Midlothian (included sec ASN)
Four teachers had used the ‘odd one out’ starter and ‘true or false’. They found that discussion has increased and ‘convince me’ had created focus.
Teachers were asking prior knowledge questions randomly across lessons, mainly in maths as they found it difficult to think of questions for other subjects.
One example of an effective prior knowledge starter was ‘The age at which you can drink alcohol should be lowered’ ‘Discuss…’ Planning the lesson was irrelevant because this question really highlighted what children knew. They were able to justify their thoughts and had reasonable justifications.
Teachers had also tried snowballing (partners join with another pair to share thoughts) which had resulted in sharing and growing knowledge.
“For a World War 2 topic, I asked children about key battles on a time line and discovered that one child had huge amounts of knowledge about Pear Harbour. This pupil then brought in resources/posters and books he had about the attack. He then taught the class, drew maps, identified ships and the direction of the aircraft etc.
This pupil is one of our lower achievers in many areas. Taking this lesson had a huge effect on his confidence levels.”
North Wales Team 1
All teachers had used true or false starter questions for maths, such as ‘Mr Davies can be measured in miles or km. True or false?’ This sparked great discussion and the concept of measure and units was explored. They were instantly engaged and the discussion revealed that they had no understanding of the connection between distances measured.
All teachers had used Concept Cartoons for Maths and science. The information gathered about evaporation at the beginning of the lesson changed the entire lesson, as there were so many misconceptions.
In general, the impact of lesson starters was to engage children immediately, giving a positive start to the lesson, including all children in discussion and encouraging collaboration. This small change in routine has had a big impact.
All teachers had also introduced the big picture learning journey at beginnings of lessons, so that children could see where they were going and where they had been. The purpose of every step was made clear.
“I used the Concept Cartoon on dissolving:
“Will sugar and water weigh the same when mixed as they do separately?
“Children discussed with talk partners and in groups and shared their responses. Because I used the word ‘interesting’ as my response to their responses, all shared their current thinking openly.
“It was clear to see which pupils had misconceptions about dissolving so those pupils actually carried out that experiment to see for themselves (not planned) before doing the planned investigation which was about sped of dissolving.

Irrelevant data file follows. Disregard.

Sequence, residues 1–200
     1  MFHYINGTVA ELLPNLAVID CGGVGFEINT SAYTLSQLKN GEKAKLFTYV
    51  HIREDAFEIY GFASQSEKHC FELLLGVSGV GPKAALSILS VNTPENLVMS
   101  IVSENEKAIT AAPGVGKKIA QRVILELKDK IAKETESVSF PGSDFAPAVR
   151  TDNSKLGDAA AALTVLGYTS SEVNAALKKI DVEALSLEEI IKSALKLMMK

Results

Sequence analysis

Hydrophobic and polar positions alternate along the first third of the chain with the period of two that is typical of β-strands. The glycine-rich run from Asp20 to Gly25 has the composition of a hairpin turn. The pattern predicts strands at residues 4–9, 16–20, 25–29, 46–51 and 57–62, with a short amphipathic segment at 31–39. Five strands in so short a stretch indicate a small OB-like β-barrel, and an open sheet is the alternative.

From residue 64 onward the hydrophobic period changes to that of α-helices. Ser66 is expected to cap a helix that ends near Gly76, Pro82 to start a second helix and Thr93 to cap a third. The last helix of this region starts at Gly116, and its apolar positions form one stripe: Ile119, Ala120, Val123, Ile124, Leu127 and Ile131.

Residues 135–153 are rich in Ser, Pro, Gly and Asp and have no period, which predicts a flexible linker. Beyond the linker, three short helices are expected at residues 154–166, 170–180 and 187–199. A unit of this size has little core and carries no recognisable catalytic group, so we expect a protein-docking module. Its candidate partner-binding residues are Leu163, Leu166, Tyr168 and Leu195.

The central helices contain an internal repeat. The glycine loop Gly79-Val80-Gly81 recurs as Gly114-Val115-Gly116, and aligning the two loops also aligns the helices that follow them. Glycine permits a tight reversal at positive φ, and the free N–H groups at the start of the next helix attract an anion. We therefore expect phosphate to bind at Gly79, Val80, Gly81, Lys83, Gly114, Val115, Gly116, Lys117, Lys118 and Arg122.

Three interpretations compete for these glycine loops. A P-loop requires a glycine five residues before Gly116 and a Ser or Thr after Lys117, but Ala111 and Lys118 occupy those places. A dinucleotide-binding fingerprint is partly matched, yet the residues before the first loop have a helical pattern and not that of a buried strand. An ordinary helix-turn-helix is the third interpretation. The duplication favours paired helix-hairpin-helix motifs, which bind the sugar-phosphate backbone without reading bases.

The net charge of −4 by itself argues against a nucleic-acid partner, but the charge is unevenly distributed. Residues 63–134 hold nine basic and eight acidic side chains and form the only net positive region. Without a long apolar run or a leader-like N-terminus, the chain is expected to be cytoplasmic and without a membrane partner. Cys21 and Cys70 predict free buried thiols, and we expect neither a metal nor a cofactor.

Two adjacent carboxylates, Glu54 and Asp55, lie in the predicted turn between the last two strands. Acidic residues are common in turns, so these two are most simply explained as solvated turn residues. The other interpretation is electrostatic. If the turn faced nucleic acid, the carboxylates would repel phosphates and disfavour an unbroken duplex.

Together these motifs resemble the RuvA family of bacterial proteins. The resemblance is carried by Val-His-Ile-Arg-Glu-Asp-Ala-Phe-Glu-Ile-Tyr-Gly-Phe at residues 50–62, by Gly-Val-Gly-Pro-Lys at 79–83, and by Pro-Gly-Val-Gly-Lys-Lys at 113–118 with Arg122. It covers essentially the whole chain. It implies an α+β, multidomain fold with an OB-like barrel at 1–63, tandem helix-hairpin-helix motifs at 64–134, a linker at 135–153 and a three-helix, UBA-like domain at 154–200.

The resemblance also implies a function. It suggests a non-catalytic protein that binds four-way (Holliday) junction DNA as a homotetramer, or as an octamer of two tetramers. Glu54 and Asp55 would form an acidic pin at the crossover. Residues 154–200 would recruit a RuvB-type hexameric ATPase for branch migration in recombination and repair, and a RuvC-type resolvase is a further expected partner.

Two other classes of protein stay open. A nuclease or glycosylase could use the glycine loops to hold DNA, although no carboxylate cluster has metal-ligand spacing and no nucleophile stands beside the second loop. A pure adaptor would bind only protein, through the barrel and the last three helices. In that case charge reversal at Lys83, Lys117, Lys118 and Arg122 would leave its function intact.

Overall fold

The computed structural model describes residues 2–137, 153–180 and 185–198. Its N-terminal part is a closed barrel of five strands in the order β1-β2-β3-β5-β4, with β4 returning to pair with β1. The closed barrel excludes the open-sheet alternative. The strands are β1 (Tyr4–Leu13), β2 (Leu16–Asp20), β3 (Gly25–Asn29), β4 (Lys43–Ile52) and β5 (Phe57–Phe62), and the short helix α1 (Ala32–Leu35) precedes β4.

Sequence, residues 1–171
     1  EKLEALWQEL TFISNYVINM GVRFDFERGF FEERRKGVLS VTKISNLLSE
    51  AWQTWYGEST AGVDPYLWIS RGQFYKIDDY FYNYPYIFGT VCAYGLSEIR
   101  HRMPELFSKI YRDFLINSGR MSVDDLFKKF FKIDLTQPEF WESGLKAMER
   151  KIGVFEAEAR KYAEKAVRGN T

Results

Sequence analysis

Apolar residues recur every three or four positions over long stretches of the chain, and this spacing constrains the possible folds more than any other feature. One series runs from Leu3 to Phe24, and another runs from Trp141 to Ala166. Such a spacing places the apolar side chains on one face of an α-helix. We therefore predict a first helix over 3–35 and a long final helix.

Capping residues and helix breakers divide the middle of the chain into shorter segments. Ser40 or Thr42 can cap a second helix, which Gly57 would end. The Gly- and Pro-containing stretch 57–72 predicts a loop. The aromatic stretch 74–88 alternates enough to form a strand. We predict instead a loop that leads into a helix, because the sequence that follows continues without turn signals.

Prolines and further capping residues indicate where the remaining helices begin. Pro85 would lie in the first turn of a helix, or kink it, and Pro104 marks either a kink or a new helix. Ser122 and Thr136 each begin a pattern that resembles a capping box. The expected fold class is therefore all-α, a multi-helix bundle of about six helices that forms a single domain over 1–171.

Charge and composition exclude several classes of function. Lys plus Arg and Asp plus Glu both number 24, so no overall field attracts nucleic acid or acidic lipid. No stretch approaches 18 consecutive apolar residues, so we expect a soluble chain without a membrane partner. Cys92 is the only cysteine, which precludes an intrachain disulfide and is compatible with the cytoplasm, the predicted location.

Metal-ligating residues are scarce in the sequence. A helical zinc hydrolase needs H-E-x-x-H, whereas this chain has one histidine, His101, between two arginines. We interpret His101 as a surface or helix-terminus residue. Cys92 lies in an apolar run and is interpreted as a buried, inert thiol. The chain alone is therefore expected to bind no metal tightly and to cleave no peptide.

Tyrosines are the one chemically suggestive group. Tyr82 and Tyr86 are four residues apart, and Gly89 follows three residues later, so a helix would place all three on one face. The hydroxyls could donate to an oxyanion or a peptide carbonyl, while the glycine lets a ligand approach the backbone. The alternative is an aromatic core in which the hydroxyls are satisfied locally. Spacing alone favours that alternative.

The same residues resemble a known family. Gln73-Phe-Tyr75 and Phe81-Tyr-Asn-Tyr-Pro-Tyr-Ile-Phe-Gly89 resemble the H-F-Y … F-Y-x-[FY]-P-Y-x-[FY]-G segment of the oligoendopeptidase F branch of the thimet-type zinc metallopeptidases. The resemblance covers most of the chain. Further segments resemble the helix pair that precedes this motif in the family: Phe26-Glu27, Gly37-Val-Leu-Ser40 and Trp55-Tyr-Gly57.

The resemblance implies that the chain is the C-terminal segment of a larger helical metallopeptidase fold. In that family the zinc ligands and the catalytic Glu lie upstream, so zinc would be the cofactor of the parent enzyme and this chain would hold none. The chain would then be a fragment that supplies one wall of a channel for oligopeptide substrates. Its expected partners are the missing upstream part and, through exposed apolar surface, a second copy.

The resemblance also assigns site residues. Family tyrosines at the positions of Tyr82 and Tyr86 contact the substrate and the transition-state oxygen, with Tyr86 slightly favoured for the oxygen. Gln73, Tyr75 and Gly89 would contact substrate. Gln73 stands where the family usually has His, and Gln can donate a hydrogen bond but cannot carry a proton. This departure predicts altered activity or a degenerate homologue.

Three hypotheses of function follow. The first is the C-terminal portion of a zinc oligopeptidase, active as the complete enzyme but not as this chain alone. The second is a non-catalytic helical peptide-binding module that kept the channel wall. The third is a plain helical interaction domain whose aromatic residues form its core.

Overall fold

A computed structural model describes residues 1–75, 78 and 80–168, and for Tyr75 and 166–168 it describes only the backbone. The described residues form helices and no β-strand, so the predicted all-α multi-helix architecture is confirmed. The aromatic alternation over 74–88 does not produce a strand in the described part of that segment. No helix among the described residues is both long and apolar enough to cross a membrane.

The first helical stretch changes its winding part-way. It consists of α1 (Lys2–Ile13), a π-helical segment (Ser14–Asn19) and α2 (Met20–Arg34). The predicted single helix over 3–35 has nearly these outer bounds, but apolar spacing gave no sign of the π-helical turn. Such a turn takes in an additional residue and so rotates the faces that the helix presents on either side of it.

“It was also great to listen in to discussions where one partner understood and was using other examples to try and explain what was happening.”
Sarah – Ysgol Sant Dunawd
North Wales Team 2
True/false and don’t know choice prior knowledge statements worked well with children engaged immediately and with better concentration.
All teachers had used a variety of questions to discover children’s misconceptions. Teachers now have a better understanding of the appropriate starting point.
Children are not scared to voice an opinion.
All teachers had used ‘What went wrong’ to lead to forming success criteria, which works particularly well in maths. Children feel ownership of subsequent tasks and of their own success criteria. There is much more dialogue happening and sharing of ideas. Children are learning from each other without being aware. ‘Are you sure?’ even when you know they are right enables children to check and prove their answers. Gareth Metcalfe’s book ‘I see maths’ on reasoning was recommended, which has lots more maths prior knowledge questions.
The ‘Mantle of the Expert’ approach was also used in two schools which had encouraged deeper thinking and engaged pupils.
“I had used the ‘What went wrong’ template for numeracy with number facts or calculations given on the whiteboard with a deliberate mistake. In their random talk partners they discuss what is wrong and how to correct it. They collaborate and co-construct the success criteria for the calculation. As the criteria have been constructed in their own vocabulary the children recall the criteria better from one lesson to another.”
Eiran Jones Ysgol Bro Guydir
One teacher had also used pictures to ask ‘What do you think this is about?’
The ‘odd one out’ had been used by all teachers in Welsh which encouraged deeper understanding.
One teacher had used the opposing statement for ‘This whale is not our responsibility because it is in Thailand.’ This encouraged using reasoning.
The resource ‘Maths no problem’ have two different answers which children have to prove. This also led to revealing prior knowledge successfully.
Teachers felt that the prior knowledge questions were easier to use in maths than in English or other subjects.
The templates get children talking, and allow all children to shine as there is no writing involved.
All templates had been used successfully to reveal children’s prior knowledge.